Indigo Blue

indigo blue main 1

Deep indigo blue is a fascinating color and responsible for great wealth in colonial South Carolina. In fact, South Carolina was the richest colony for a period of time because of this cash crop. It helped finance the American Revolutionary War, but production was possible only with slave labor and collapsed when it was abolished.

Indigo was commonly referred to as “blue gold”, its dye was cherished and remains so today although produced with synthetics.

The Indigo Blue Cocktail

I too find the extremely beautiful color mesmerizing. When I discovered a gin colored with butterfly pea blossoms, I immediately set about discovering new ways to use it.

With the gin, a home-made butterfly blossom syrup and a few other ingredients we replicate the deep blue color cherished for centuries into a wonderfully delicious drink.

I hope you enjoy it as much as I do! Print

Indigo Blue

Gin, butterfly pea blossom tea, elderflower, curacao and egg white

  • Author: Tim



Butterfly Pea Flower Blossom Syrup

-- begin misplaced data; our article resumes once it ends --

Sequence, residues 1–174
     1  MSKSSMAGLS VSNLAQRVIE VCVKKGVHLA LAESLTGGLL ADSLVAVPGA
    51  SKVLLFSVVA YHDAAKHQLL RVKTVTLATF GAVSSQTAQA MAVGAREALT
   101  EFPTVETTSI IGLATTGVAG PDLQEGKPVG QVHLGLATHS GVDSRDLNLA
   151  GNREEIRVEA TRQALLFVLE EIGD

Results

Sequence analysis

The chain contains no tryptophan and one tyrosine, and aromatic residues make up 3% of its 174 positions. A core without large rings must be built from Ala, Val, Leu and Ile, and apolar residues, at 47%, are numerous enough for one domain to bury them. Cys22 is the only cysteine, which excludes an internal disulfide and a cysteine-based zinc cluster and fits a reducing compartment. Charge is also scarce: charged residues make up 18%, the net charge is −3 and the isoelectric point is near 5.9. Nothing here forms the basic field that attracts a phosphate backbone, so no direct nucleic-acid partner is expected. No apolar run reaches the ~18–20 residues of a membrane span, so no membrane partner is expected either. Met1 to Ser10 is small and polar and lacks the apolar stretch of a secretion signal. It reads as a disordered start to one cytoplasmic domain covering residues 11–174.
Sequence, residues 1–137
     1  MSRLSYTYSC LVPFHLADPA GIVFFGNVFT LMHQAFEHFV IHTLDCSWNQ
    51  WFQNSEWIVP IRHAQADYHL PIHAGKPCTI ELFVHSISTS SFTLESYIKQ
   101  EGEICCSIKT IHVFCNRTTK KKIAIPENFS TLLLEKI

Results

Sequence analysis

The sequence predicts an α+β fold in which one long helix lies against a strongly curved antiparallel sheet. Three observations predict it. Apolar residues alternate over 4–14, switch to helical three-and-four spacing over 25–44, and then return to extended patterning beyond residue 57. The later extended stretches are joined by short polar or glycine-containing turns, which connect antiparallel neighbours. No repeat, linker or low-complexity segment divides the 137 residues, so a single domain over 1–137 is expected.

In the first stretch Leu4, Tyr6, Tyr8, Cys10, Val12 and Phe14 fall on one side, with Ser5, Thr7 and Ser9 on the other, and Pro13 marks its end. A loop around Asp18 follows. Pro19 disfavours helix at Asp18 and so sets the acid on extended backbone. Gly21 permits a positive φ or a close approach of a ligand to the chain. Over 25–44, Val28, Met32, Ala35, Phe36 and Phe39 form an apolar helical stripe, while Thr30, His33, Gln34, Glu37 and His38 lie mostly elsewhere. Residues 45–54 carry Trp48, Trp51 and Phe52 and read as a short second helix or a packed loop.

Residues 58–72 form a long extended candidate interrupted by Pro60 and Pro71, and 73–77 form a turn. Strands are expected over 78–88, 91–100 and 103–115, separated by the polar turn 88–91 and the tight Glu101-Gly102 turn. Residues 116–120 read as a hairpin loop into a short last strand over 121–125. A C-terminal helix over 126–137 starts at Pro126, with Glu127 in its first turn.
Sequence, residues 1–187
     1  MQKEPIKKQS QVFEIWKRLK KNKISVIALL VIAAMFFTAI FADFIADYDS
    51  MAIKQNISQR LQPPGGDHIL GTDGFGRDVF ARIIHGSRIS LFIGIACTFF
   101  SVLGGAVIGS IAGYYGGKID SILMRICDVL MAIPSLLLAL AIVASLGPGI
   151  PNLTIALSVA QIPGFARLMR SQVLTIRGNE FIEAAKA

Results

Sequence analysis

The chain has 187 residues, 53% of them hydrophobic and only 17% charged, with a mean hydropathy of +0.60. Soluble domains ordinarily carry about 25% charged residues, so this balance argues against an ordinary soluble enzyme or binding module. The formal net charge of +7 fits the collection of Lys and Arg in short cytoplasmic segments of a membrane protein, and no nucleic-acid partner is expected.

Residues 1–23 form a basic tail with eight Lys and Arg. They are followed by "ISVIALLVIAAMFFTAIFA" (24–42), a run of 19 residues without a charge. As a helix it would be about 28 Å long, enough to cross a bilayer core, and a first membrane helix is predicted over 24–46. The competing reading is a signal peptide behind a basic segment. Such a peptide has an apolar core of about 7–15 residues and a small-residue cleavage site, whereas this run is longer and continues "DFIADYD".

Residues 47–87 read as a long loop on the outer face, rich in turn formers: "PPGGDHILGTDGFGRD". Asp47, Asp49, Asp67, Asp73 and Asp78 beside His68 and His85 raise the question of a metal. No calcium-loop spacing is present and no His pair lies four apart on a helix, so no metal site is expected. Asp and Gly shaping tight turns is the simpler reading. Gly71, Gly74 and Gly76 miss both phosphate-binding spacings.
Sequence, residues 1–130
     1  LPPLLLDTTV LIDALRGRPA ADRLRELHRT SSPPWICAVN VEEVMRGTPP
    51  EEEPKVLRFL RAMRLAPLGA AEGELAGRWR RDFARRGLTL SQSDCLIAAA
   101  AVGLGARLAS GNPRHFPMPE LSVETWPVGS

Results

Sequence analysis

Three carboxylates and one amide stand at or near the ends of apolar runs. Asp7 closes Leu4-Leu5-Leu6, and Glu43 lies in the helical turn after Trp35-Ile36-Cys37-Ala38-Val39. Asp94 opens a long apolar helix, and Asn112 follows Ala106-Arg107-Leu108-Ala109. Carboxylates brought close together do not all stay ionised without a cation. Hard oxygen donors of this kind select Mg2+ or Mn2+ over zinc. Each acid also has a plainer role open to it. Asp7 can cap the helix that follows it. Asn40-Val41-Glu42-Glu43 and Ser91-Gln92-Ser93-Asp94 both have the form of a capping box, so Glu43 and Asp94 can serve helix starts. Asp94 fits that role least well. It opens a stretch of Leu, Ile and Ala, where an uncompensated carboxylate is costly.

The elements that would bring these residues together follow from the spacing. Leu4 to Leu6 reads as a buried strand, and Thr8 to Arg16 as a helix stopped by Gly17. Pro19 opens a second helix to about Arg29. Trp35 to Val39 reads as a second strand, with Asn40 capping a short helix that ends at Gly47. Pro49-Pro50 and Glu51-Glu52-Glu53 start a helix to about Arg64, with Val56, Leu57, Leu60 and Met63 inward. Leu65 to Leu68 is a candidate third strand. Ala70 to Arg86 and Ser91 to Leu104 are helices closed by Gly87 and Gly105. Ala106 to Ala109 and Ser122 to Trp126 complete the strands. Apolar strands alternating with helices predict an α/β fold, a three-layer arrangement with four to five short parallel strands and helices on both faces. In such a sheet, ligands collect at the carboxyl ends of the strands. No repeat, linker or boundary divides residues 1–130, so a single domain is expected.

• 1 cup water
  • 1/2 tsp butterfly pea flower powder
  • 1/2 cup sugar

Indigo Blue Cocktail

  • 2 oz Empress gin
  • 1/4 oz butterfly pea flower blossom syrup
  • 1 oz elderflower liqueur
  • 1/2 oz blue curacao liqueur
  • 1 egg white
  • 1 violet orchid blossom – garnish


Butterfly Pea Flower Blossom Syrup

  1. Combine water, butterfly pea blossom powder and sugar in a heavy bottom pot
  2. Bring it to a boil, lower heat and blend with an immersion blender until well combined
  3. Remove from heat, cool and refrigerate until ready to use

Indigo Blue Cocktail

  1. Place the gin, syrup, elderflower and curacao in a shaker. Add the egg white last.
  2. Dry shake (without ice) vigorously for 45 seconds
  3. Add 3-4 ice cubes and shake briefly to chill
  4. Double strain and pour into a coupe glass
  5. Garnish with an orchid blossom


  1. Add the egg white last to ensure you don’t “cook” the egg with the gin
  2. Do not allow any egg yolk in the shaker, it will prevent the formation of bubbles
  3. Shake briefly with ice because over shaking with ice will kill the foam